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  • Writer's pictureLukas Bürk

Running Philosophy Day 8: Playing the Game

Play, one of the essential parts of our childhood, is perhaps one of the first things we tend to lose as we grow older.

We become serious, but it’s often a pretend sort of seriousness—a feeling that we should be serious rather than actually being so.

Play involves engaging in activities just for the sake of doing them, with no ulterior motive. According to Stuart Brown, "Play is an absorbing, apparently purposeless activity that provides enjoyment and a suspension of self-consciousness and sense of time" (source: Stuart Brown, National Institute for Play).

Reintroducing play into my life helps me live with more joy and take things less seriously. Running, to me, is a game, or at least I try to treat it that way.

I am a person playing a character that trains for trail races. When the overall game doesn’t serve me anymore, I can drop the character, the mask, the aspect of me, and choose a different game.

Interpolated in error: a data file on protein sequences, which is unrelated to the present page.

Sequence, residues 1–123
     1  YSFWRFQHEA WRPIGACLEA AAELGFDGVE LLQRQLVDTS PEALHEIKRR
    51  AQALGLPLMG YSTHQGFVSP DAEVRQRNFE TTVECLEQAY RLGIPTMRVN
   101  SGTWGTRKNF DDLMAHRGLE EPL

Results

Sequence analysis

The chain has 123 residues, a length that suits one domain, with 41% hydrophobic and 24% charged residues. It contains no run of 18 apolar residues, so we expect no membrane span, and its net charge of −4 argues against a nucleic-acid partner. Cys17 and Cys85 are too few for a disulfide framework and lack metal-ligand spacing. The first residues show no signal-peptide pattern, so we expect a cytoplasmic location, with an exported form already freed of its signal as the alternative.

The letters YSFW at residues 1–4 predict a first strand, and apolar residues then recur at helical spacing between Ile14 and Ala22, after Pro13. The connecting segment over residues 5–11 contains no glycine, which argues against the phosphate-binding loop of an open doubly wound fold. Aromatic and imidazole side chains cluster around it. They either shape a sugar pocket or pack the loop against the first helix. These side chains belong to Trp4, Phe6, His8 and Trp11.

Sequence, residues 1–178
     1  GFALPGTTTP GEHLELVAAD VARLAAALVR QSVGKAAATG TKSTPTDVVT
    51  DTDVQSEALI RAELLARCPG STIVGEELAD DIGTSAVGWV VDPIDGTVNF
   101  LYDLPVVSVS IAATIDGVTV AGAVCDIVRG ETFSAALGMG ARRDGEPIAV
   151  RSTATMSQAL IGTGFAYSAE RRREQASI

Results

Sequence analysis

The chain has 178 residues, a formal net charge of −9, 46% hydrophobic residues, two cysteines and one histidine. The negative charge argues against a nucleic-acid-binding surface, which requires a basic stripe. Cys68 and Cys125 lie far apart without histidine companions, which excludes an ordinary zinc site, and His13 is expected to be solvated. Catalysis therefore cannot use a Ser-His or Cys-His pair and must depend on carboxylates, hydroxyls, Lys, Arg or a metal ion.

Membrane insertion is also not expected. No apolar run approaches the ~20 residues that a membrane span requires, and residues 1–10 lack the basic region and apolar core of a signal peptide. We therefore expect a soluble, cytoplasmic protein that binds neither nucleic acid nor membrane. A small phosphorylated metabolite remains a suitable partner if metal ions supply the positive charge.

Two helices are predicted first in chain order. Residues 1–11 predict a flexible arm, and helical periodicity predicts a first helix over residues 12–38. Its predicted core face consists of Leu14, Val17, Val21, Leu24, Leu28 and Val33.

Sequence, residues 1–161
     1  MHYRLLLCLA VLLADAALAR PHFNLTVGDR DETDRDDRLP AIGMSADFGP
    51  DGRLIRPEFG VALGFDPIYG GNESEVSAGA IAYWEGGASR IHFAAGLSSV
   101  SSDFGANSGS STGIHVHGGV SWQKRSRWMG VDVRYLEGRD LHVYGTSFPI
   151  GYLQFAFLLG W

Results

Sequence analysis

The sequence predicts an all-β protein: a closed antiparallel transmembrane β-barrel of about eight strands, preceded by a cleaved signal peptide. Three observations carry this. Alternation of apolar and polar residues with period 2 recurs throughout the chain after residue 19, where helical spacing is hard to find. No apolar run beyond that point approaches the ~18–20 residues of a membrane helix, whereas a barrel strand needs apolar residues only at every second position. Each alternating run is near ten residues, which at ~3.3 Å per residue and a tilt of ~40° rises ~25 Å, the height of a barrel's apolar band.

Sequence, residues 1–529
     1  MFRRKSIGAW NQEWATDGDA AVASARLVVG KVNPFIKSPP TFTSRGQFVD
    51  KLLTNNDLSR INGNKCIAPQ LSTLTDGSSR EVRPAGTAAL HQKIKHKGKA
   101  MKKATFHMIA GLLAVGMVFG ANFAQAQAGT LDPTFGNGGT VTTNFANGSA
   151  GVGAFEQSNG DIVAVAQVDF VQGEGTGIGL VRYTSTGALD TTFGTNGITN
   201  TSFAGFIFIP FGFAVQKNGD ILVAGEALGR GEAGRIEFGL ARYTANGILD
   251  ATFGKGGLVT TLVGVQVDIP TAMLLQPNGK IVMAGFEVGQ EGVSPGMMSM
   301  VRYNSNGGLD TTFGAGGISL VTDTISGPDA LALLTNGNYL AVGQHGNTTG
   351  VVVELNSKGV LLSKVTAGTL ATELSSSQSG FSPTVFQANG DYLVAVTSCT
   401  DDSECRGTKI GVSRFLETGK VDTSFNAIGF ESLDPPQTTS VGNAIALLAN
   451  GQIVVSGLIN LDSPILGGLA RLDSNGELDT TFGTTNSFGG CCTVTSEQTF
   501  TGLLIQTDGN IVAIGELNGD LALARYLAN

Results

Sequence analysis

This doesn’t mean that every training session needs to be filled with laughter or that it can’t be challenging.

But the overall game needs to be enjoyable. This mindset reduces the feeling of self-importance and the attachment to the role of a runner, reintroducing a lightness to it all.

At least, that’s the mindset I am currently experimenting with. Let's find out how that goes.

Disclaimer and notes on this series:

This blog series is a collection of my musings on philosophy as it relates to my passion for running. It's not a how-to guide or a set of rules. These are just my daily thoughts and questions, not my final answers.

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